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There are many ways to get to Congress—most fly, others drive. I met a young woman who can, in a strange way, thank a bully. When she was a little girl, growing up in Albany, she learned early on that the world had claws and didn’t shrink from using them, even on a small defenseless child. Her name is Elise Stefanik, and a year ago most of us had no idea she even existed. Then she made history coming out of nowhere to win a seat in Congress. How did that happen? Well, to tell you the “how” we have to go back to the “then.”
When bullies tormented Elise in the fourth grade her parents made a hard choice to pull her out of that school in the middle of the year and transfer her to the Albany Academy for Girls. It changed her life. “I just took off like a rocket at Girls Academy,” Stefanik told me in her Washington, D.C. office. “It was such an intellectually challenging and welcoming environment and I loved my experience there.” And the school loved her back. Alisa Scapatici taught Stefanik in English class roughly 20 years ago and they are still friends to this day. “I’ve been doing this long enough that at this point you can tell when there’s just that extra spark in someone and Elise had that from the get go,” says Scapatici. “She was great fun to have in the class.”
Straight A’s were the norm and then in sixth grade the allure of politics called. Stefanik ran for student council president, revealing, at an early age, her gift for knowing what people wanted and how to get it. “My campaign was a promise to bring in a snack machine, which we didn’t have at the school,” she recalls with a smile. After forming an unstoppable coalition between the sixth- and eighth-graders, she won her election and kept her promise, securing the vending machine. First rule in politics—when in doubt, give them corn chips.
For years, she thrived at Academy and the near perfect grades earned her a partial scholarship to Harvard where Elise did well, made friends and, in one of her favorite memories, accidentally threw away a million dollars. Heck, maybe fifty million. Fellow Harvard student Mark Zuckerberg (yes, THAT one) was looking for people to get in on the ground floor of his new web site called Facebook. Elise was asked but she was late for class and kept walking. “I’m going to be telling my future kids how mom missed out on the opportunity to be one of the first employees at Facebook and, instead, made sure I didn’t skip class.”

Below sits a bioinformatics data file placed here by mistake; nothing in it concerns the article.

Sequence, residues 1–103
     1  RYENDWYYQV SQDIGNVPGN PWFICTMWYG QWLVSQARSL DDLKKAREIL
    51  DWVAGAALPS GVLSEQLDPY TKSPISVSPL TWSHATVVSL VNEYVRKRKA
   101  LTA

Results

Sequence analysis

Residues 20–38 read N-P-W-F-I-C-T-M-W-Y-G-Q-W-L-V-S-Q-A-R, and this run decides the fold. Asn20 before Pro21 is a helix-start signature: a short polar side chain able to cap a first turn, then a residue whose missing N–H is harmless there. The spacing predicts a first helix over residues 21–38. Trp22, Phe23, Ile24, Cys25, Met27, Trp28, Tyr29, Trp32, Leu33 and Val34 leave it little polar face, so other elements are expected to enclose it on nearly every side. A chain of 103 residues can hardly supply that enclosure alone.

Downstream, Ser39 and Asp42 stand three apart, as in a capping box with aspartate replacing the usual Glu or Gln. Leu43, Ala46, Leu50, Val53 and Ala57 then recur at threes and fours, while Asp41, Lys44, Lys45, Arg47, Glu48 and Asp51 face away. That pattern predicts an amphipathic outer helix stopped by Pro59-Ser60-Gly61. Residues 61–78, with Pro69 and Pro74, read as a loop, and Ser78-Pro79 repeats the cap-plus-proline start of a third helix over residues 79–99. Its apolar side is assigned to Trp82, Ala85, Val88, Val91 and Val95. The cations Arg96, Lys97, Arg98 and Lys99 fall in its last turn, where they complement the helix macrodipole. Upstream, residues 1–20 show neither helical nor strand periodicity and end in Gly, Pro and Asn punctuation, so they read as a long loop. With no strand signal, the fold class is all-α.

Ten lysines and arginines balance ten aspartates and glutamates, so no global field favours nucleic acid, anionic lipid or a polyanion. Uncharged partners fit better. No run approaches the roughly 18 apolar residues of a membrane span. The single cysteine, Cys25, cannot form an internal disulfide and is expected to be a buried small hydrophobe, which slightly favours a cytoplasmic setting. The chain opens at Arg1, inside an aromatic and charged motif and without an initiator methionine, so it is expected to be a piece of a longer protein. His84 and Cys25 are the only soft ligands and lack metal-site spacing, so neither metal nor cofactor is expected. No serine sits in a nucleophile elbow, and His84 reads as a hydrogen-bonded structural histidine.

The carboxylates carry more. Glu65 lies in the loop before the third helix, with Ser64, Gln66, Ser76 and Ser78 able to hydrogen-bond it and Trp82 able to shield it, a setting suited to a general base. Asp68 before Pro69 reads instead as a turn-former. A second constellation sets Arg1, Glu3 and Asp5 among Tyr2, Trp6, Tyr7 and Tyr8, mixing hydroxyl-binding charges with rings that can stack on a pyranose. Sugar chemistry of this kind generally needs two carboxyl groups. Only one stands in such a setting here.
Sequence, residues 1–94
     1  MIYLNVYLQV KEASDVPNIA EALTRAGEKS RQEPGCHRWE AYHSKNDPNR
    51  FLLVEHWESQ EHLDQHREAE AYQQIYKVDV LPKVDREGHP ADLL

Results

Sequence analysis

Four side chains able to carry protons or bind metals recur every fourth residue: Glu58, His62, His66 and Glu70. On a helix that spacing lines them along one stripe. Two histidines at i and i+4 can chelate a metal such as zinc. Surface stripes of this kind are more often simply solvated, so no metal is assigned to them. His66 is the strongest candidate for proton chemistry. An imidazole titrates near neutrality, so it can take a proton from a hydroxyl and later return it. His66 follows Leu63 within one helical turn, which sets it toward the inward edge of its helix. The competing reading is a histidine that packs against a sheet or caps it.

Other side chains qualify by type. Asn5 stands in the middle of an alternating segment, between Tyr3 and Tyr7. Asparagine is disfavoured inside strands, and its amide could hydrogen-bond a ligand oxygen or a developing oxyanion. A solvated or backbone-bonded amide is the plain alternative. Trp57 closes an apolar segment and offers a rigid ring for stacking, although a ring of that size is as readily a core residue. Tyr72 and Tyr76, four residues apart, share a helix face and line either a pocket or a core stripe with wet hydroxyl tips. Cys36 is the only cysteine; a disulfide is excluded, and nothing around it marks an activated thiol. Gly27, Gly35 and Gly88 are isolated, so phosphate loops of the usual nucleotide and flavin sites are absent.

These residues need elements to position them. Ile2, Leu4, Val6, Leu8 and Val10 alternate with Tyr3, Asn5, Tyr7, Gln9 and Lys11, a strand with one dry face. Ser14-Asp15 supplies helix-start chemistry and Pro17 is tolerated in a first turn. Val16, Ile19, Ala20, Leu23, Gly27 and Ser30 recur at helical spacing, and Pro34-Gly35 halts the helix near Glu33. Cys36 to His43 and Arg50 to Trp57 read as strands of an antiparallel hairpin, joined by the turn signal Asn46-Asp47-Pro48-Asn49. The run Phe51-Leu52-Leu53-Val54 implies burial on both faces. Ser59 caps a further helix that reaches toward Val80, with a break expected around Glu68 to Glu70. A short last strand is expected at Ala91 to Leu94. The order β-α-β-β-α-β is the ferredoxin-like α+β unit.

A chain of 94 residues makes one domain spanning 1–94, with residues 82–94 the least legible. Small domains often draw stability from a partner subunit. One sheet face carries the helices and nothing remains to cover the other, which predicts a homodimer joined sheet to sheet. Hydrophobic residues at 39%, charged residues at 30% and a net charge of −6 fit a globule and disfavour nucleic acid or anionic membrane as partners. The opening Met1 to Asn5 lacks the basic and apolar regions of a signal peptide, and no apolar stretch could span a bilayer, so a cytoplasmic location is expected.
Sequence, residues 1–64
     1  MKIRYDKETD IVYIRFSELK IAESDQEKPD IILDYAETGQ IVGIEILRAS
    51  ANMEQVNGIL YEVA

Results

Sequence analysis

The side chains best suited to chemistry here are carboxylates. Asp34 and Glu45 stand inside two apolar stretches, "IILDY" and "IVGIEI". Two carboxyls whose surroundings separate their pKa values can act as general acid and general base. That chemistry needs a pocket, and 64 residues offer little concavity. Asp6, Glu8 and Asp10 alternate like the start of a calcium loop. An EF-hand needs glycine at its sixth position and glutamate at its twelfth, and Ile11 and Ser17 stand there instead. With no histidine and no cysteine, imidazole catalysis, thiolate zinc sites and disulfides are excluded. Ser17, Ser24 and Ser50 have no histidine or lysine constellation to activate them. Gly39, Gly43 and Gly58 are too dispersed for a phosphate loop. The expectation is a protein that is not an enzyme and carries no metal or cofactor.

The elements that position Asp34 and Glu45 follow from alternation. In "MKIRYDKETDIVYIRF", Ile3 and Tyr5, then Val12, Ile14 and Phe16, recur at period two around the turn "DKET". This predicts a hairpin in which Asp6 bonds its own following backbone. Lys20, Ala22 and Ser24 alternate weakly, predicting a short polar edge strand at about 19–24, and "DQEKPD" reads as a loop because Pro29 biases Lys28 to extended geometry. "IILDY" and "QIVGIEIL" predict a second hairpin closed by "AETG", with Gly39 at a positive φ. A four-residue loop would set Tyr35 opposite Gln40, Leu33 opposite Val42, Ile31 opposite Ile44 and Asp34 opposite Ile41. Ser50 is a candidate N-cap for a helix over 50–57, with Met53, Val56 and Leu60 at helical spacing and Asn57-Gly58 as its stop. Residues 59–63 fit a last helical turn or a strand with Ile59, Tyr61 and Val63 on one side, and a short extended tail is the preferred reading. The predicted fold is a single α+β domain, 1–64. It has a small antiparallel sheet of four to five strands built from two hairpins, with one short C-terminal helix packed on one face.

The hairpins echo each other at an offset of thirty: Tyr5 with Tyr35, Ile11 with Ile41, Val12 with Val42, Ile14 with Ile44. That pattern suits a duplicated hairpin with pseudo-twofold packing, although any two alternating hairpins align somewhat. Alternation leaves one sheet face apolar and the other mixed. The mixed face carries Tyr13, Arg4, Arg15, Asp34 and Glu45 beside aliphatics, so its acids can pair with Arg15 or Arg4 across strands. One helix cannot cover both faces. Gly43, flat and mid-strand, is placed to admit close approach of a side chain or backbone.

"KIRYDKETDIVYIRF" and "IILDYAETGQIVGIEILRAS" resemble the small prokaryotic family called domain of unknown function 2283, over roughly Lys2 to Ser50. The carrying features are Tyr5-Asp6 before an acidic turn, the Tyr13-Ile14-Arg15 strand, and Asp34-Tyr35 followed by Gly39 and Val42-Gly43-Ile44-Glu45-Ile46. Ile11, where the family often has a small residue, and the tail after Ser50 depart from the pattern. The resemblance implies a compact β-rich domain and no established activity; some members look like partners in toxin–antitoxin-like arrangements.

While she didn’t help launch the page, Stefanik did see the power of social media to connect with people. After graduation (and a stint working in the Bush administration and others), she used it well when she ran for Congress last year. I won’t bore you with the minutia of her campaign, only to say that she impressed those who gave her a chance, shocked those who did not, and when the votes were counted nobody was saying “Elise who?” anymore.
At 30 years old, Stefanik is the youngest woman ever elected to Congress. Considering it has been around since Paul Revere was screaming about the British, that’s pretty impressive. Of course, being the youngest comes with a few hiccups. Example: getting past security. “For the first month and it even happens once every two weeks now, the Capitol police don’t realize I’m a member of Congress and stop me. The only way I get on the floor is if I show them my special pin.”
These days, five months into the job, she’s greeted with a smile and navigates the hallways and tunnels under the Capitol with the ease of a veteran, speed of a teenager, and guile of a woman with some place to be.
Because of her age and looks, the national media yearns to make her a star; yet Stefanik shies away from the exposure, seeking to focus less on the cameras and more on the constituents who put her here. “The young girls in upstate New York—I hope they look to me as an example of what they can achieve. The best advice I could give? Always stay humble, maintain a moral compass, and remember nothing replaces hard work.”
In the red state-blue state reality we live in, where people can’t agree on the beauty of a sunny day, Stefanik is trying to change the very landscape and culture in Washington. Impossible? Someone who knows her well told me they may not agree with Elise politically on everything but they believe in her and that’s why she won. That’s how she made history. If you look at what she’s accomplished so far, so fast, starting with that snack machine, she may just be the first politician in history who is, as they say, all that and a bag of chips.
John Gray is weekly columnist for the Troy Record and the Saratogian newspapers and news anchor at ABC 10 and FOX 23. He can be reached at


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